Four students pursue College of Public Programs Senate seats

Four criminology and criminal justice students are running for the College of Public Program's two student government Senate seats, including the two incumbent senators. (Madeline Pado/DD)

When voting opens Tuesday, students in the College of Public Programs will have more choices for whom to represent them in the Senate than ever before on the Downtown campus.

Each candidate said the identity of the college is responsible for the historic turnout, with each major geared toward trying to make a difference.

“Students in the college feel obligated to do something for their community,” current Public Programs Sen. Cecilio Porras said.

The four students running for the college’s two Senate seats all have the same major — criminology and criminal justice — but they are approaching their candidacies from different ways.

The youngest candidate, a freshman, is Arizona Students Association intern Caitelia Coppelman, who said she wants to join USGD and fight against rising cost of college attendance for students, including textbook affordability and tuition.

“I want to change the world,” Coppelman said. “It’s just the internal drive someone has to help others.”

She doesn’t have any specific initiatives she would start working on in office, but Coppelman said her first step would be to talk to her constituents to see what they want changed in the college.

Coppelman said her experiences mentoring other freshmen and helping students work through personal problems will help her as a senator.

She also said playing sports in high school helped build leadership skills.

The oldest candidate, 25-year-old junior Victoria Simpson, said four years of work as a criminal-defense paralegal has given her experience and maturity that sets her apart from the other candidates.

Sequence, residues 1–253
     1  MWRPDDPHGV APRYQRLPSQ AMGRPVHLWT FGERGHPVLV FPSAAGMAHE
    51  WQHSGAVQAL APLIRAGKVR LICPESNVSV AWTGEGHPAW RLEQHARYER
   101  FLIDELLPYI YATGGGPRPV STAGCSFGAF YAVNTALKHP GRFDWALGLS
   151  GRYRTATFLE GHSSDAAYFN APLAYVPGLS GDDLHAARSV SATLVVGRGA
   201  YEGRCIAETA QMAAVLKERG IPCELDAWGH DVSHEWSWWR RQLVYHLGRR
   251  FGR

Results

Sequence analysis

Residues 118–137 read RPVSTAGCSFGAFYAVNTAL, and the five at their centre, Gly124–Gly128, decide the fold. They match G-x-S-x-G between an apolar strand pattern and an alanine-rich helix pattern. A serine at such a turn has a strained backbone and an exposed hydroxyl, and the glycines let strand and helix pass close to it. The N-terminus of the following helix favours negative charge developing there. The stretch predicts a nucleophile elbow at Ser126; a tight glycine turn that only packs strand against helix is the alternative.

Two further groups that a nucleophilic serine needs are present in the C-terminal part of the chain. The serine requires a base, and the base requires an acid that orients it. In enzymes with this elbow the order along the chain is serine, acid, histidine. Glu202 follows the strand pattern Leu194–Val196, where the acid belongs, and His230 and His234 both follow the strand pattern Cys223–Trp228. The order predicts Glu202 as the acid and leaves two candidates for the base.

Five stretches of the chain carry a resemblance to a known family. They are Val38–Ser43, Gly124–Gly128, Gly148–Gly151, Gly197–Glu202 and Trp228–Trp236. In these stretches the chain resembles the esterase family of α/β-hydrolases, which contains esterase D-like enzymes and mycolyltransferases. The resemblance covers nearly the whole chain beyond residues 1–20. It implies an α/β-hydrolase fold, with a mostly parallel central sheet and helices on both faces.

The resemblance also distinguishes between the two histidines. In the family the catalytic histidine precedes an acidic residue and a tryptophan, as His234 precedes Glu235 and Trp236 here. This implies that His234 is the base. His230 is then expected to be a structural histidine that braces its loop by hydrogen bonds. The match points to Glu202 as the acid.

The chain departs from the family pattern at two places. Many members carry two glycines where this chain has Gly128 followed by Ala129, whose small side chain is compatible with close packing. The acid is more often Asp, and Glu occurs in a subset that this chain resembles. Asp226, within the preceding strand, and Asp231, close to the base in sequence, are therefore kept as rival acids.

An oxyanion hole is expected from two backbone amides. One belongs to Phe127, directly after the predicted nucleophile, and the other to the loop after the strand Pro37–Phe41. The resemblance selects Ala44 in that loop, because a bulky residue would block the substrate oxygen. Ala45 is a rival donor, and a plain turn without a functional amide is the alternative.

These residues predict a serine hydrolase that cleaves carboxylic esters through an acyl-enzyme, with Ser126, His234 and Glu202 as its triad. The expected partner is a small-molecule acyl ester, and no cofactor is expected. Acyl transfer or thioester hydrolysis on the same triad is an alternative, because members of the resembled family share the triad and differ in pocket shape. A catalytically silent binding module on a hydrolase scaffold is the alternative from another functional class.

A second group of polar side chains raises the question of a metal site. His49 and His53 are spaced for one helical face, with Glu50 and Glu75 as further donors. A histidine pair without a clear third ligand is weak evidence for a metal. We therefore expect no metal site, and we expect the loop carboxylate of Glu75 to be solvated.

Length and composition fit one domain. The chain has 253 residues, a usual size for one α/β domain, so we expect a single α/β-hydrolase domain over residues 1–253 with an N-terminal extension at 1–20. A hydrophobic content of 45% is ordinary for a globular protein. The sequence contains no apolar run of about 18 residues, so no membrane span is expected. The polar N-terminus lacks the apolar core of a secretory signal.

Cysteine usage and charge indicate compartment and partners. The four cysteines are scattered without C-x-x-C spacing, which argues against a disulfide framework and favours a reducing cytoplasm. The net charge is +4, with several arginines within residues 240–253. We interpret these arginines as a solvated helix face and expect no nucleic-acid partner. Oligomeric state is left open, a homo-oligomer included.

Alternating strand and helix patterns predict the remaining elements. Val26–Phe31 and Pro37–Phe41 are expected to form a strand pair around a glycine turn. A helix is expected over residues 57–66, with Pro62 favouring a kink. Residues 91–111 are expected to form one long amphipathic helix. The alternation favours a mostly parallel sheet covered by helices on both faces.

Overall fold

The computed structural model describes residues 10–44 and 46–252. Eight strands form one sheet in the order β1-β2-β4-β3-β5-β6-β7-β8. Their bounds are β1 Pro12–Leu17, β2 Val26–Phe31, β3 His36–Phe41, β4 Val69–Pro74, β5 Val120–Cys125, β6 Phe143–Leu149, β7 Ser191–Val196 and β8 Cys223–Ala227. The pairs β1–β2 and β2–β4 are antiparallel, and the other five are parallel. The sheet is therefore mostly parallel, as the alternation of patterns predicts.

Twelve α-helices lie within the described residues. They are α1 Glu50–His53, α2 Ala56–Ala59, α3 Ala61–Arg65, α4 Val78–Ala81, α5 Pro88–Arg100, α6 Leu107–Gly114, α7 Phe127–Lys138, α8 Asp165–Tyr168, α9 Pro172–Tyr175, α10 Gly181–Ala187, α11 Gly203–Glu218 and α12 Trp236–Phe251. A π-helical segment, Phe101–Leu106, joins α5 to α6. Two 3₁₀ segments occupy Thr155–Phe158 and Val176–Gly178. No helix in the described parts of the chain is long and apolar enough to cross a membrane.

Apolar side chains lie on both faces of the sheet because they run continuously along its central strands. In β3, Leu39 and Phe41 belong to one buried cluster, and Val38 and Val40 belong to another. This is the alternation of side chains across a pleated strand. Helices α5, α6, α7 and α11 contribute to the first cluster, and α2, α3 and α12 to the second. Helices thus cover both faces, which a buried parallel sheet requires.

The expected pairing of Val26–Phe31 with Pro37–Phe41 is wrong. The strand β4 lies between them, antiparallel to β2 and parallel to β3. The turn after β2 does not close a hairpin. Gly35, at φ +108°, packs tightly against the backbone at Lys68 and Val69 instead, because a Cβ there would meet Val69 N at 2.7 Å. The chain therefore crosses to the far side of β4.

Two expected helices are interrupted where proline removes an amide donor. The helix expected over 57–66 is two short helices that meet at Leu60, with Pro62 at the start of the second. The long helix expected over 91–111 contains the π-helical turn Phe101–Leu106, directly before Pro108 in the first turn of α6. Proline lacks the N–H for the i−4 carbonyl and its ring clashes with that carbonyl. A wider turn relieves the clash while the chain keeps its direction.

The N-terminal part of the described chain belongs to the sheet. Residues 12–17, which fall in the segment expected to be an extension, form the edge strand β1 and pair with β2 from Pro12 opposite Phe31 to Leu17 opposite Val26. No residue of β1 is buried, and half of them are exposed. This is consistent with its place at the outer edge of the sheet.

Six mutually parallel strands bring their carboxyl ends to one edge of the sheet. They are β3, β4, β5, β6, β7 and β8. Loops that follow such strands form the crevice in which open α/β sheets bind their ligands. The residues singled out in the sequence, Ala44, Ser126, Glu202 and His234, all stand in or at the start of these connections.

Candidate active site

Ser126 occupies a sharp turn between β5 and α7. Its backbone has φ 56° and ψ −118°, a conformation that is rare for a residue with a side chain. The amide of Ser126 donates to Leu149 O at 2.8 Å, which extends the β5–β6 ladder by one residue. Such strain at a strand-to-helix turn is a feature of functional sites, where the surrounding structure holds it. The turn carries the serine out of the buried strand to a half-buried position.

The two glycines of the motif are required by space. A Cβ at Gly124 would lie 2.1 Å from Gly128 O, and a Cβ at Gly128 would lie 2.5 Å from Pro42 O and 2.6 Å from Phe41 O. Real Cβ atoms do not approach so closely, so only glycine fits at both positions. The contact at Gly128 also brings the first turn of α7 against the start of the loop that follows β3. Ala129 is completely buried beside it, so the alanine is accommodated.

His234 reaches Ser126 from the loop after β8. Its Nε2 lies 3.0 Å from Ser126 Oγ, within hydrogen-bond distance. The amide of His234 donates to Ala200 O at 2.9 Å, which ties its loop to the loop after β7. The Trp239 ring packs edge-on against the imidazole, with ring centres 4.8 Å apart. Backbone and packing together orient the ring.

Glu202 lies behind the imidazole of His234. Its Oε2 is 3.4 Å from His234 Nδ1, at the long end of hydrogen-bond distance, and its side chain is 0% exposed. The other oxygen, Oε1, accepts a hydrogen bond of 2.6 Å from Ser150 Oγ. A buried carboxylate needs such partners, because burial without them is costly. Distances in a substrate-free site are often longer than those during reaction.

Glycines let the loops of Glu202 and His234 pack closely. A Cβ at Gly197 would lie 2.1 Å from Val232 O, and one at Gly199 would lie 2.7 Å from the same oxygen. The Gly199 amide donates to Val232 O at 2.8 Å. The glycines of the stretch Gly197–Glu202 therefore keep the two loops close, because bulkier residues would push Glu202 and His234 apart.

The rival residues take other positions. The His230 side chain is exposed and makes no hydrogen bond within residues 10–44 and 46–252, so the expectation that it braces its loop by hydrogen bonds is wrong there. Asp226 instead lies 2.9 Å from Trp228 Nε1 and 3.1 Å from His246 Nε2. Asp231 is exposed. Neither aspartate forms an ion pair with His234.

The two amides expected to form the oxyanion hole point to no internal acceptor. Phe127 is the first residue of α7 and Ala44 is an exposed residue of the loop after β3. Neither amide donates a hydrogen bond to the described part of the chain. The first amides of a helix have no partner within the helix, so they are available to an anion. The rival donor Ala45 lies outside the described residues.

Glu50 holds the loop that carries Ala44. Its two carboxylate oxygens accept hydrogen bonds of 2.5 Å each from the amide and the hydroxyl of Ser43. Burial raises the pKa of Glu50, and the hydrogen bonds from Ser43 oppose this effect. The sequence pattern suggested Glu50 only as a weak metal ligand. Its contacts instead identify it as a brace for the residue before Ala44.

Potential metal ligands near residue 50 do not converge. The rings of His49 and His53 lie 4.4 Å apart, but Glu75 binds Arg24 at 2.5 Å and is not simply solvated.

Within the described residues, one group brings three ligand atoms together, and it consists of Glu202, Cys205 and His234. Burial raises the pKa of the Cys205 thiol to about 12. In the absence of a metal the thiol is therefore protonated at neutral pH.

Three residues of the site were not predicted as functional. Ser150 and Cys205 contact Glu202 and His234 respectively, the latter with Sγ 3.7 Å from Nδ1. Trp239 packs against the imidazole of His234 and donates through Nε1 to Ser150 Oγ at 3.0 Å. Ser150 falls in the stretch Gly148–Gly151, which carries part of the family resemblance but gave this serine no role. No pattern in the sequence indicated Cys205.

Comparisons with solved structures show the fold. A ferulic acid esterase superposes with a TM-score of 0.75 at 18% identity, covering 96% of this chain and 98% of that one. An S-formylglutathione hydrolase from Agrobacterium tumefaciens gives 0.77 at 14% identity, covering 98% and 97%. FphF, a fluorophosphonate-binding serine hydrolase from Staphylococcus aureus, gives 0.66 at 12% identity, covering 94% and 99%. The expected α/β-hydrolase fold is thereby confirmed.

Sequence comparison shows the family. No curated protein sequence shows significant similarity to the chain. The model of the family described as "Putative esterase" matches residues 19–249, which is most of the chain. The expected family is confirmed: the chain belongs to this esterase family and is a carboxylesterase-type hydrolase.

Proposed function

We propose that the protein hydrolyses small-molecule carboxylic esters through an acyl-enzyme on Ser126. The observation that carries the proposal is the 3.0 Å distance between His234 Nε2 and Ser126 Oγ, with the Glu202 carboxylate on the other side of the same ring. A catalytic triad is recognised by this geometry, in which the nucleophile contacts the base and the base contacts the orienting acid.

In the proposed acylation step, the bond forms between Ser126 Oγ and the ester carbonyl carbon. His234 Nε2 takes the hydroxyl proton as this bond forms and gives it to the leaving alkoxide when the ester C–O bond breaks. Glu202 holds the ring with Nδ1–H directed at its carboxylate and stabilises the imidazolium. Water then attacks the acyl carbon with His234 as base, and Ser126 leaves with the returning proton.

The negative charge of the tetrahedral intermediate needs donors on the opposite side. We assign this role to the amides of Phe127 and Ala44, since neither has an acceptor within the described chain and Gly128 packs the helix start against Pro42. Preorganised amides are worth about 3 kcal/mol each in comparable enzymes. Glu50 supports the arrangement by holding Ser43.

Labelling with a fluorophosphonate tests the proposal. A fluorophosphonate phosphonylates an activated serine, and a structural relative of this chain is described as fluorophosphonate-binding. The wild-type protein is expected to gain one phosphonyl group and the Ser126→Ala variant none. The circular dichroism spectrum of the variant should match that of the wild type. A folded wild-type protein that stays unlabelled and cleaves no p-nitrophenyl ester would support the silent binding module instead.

She received her associate degree from Pima Community College in 2007 and then worked for a Tucson law firm. This is her first semester at ASU.

Simpson said she can see how her short time on campus could be a concern for voters, but she believes her maturity, leadership experience and willingness to focus on school will help make up for her little time on campus.

“You have to have passion for helping other people,” Simpson said.

If elected, Simpson’s main initiative would be to talk to high school students about college.

She sees it as imperative that college leaders not only make sure to help current students, but foster leaders at a younger age who can go to college and continue being good leaders on campus.

“It’s not fair for us to just focus on ourselves. We need to focus on the kids coming after us,” Simpson said.

The two sitting senators running for re-election are juniors Porras and Joey Amonett.

Porras said he and Amonett have been swamped during the election season and haven’t been able to campaign as much as they would have liked.

To make up for this, they are hoping students will recognize their names on the ballot, Porras said.

“We’re banking on a lot of those votes to come in,” he said. “It makes it a little easier to campaign.”

Last year, both Porras and Amonett were write-in candidates, so voters needed to know exactly whom they were supporting.

This year, all four candidates were involved in the USGD-sponsored debate on March 27, which brought their individual campaigns to students.

Next year, Amonett said he wants to get the majors within the college to work together on student engagement. The senators are the liaison between the student government and the students, Amonett said.

Porras said he is looking forward to next year because the dean of the college, Jonathan Koppell, will be settled in his position and ready to help students.

This semester, Koppell was too busy getting up to speed with everything that his new position entails to work with the senators much, Porras said.

Porras said the experience he and Amonett have is the most important trait they have as candidates. There was a lot to learn this year, from public relations to how clubs are organized, he said.

“A person can come in with a lot of initiatives and a lot of hope,” Porras said, “but if you don’t have the other things first, the procedural things, it’s going to be tough.”

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